Prologues; or beginning before the beginning

#amwriting 

 

So, I’ve started writing again, and I’ve started blogging again. I stopped doing both back at the start of the year, and I’m not entirely sure why. I think that ultimately I was a bit frustrated – I was doing a lot of typing, a lot of short fiction, but almost no work on my novel ideas (which was the purpose of the blog in the first place).

But here we are at a new beginning, and having now hit the first thousand words of my new story idea, I’m inclined to think about the concept of ‘beginnings’, particularly whether ‘prologues’ in a novel are a good or a bad thing. Personally I kinda like ’em, but I’m interested in your view.

Why am I thinking about prologues? Because I’ve just spent 1000 words writing the start of one.

Apparently (i.e. according to my limited research) prologues have suffered a decrease in popularity – theory being that readers have limited patience and you should just start your damn story at the latest possible point. People are busy, get to the meat already. And this makes a lot of sense on the surface – no-one likes to be bored before they get to the good stuff.

The prevailing advice is, “Prologues can eat a sack of wombat cocks, and if you use one you will be ostracized and forced to eat dust and drink urine, you syphilitic charlatan.” Harsh, but there it is. Also, wrong — a prologue should never be an automatic, but hell, if you need one, you need one. Here’s how you know: if your prologue is better used as the first chapter, then it’s not a prologue. It’s a first chapter.

25 Things To Know About Writing The First Chapter; Chuck Wendig

So – If you are going to begin, then for fucks sake begin.

But.

However.

Alternatively…

Chuck says it in this paragraph – there are no absolutes here. Some of my favourite books start before the main story actually begins. Harry Potter & The Philosopher’s Stone starts with baby Harry being dropped off with the Dursleys. The Girl With The Dragon Tattoo begins with an old man receiving a framed flower for his birthday.

These soft beginnings tease at the main story without revealing much. Tiny hints of deeper mysteries. Not enough to give away the plot, but enough to get us hooked – which is what you want from a beginning anyway.

So my question is:

As a reader, are you pro prologues?

Daily word count: 358 / Total Word Count: 1,114

Today’s writing soundtrack:

 

Advertisements

4 thoughts on “Prologues; or beginning before the beginning

  1. On blogging and short pieces, you are describing a common syndrome (as far as I can tell, ain’t no expert!) They divert from the main task. Someone (published) said one needs a computer without access to internet… As a reader I love prologues, they are kinda foreplay… Good writing! 😉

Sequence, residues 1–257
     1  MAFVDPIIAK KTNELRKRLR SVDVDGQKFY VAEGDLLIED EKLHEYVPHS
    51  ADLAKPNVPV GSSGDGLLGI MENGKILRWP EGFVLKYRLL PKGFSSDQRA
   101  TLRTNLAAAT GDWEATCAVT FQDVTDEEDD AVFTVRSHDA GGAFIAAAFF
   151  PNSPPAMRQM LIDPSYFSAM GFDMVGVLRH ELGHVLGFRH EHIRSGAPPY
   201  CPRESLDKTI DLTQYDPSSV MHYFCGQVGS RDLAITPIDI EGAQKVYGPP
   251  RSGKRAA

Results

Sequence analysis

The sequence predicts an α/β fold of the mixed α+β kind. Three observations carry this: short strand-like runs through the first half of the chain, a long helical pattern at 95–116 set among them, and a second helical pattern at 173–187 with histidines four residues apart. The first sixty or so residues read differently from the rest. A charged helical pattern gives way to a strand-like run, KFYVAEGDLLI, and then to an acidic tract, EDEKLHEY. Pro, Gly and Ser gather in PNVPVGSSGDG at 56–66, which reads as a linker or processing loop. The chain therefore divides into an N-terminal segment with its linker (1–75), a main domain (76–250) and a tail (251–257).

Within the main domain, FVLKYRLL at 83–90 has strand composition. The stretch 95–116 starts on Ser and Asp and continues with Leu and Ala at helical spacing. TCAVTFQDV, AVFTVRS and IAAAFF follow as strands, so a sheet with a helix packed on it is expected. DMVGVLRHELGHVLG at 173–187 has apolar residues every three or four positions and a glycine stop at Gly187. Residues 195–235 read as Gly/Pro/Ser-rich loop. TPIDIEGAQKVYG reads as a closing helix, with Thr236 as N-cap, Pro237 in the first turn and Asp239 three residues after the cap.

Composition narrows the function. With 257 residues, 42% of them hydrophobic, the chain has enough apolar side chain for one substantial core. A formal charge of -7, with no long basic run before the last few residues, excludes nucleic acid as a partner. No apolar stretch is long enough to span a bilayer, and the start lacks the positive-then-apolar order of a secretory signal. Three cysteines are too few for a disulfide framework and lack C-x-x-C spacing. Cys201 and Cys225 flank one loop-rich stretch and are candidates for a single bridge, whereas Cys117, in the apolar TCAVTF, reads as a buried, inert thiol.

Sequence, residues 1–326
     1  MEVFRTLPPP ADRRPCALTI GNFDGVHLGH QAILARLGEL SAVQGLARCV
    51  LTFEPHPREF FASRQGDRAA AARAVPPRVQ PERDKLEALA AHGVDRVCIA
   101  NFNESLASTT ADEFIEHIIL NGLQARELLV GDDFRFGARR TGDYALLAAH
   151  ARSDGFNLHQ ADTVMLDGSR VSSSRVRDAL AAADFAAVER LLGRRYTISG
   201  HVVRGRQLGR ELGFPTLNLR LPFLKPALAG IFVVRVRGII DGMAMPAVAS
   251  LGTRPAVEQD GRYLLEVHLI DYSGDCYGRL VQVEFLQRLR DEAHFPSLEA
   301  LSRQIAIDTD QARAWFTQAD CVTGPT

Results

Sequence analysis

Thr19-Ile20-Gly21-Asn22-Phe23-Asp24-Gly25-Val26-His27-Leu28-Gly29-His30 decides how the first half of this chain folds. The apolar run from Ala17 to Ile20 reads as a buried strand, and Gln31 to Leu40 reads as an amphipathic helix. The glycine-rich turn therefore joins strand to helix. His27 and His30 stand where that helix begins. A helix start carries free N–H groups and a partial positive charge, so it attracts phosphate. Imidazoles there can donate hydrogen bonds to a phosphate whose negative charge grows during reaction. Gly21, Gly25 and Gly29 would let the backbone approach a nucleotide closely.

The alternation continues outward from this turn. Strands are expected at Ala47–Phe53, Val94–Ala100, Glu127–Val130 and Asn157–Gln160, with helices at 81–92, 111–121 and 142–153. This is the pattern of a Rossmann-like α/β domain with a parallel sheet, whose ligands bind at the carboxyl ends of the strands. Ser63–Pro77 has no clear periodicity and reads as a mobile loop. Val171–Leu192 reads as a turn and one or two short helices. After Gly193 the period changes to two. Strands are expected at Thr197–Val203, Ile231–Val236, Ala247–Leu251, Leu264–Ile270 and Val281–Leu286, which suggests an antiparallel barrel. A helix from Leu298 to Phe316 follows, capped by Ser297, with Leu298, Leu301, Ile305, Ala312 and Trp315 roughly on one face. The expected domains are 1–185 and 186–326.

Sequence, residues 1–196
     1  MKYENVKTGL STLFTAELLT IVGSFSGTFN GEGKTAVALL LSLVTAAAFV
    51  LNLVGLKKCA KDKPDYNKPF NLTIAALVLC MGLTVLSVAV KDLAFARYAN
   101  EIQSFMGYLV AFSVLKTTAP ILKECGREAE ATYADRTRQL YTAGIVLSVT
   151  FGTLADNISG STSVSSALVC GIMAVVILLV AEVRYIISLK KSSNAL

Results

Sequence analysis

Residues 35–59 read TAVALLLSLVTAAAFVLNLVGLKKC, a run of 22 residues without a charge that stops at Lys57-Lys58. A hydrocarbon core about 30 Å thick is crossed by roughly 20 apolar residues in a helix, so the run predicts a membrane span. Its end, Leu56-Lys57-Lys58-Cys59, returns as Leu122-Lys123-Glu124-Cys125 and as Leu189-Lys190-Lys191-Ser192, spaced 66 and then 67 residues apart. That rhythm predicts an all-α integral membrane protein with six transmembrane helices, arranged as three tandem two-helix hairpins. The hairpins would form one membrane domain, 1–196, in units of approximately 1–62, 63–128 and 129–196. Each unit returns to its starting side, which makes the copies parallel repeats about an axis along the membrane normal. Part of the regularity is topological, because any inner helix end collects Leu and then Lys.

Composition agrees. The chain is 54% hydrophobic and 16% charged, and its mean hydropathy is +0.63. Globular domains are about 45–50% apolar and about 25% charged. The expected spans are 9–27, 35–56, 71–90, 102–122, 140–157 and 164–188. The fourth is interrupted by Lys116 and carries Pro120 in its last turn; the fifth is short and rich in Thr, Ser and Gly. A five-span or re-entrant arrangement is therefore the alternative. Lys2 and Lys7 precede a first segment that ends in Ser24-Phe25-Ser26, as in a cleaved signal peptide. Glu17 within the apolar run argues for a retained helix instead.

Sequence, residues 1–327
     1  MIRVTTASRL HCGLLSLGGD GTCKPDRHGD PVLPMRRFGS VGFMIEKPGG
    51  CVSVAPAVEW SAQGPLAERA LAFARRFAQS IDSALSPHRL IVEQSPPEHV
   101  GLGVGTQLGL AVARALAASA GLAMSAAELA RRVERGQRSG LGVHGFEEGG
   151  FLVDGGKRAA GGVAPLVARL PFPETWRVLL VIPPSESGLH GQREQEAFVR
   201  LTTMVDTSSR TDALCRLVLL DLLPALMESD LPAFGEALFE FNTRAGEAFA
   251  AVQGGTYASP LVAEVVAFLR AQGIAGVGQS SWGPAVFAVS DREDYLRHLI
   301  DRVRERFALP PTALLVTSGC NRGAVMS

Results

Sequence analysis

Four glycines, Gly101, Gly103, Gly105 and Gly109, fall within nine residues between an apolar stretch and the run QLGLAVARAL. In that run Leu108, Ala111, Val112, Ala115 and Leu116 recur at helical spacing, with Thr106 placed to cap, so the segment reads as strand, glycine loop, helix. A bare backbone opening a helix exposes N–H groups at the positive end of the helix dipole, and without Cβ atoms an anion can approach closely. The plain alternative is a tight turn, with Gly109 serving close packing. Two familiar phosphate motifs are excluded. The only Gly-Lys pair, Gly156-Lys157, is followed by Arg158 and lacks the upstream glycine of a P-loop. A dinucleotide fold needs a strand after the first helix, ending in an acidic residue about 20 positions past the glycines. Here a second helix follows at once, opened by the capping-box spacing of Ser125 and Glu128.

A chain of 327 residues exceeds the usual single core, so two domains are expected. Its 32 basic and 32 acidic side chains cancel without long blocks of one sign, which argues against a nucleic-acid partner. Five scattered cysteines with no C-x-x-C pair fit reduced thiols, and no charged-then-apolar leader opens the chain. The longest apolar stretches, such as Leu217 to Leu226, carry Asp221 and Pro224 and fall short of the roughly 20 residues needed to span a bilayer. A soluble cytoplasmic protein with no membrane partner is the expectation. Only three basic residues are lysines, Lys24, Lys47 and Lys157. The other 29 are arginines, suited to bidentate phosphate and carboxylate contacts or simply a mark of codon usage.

Liked by 1 person

    1. Prologue as Foreplay…I like that analogy 🙂

      It’s a little sad to have walked away from the short fiction; I did enjoy the writing and the feedback. But I think it was a little like eating candy – its awesome…provided you are still eating your meat and vegetables. But if all you do is eat candy? Less awesome.

      I know GRR Martin certainly uses a computer that isnt connected to the net. Can’t argue with results!
      http://www.rollingstone.com/movies/videos/george-r-r-martin-tells-conan-his-secret-weapon-a-dos-computer-20140514

      Liked by 1 person

  2. I’m pro-prologues in general as long as they’re fairly short and relevant. I don’t like chapter-sized prologues.
    Although Terry Pratchett didn’t actually use chapters as such, many of his books started with a couple of hundred very amusing words to set the scene/fill in some history.

    Liked by 1 person

    1. Good point – Keep it short, Keep it sweet.
      I’ve written 1000 words: ALL Prol0gue. It’s going to be far too long… BUT I’m not that concerned at this super early stage. If it all gets cut…who cares? And I’ve effectively detailed my Inciting event, so this should feed nicely into the rest of the story I have planned.

      Cheers
      KT

      Like

Leave a Reply

Fill in your details below or click an icon to log in:

WordPress.com Logo

You are commenting using your WordPress.com account. Log Out / Change )

Twitter picture

You are commenting using your Twitter account. Log Out / Change )

Facebook photo

You are commenting using your Facebook account. Log Out / Change )

Google+ photo

You are commenting using your Google+ account. Log Out / Change )

Connecting to %s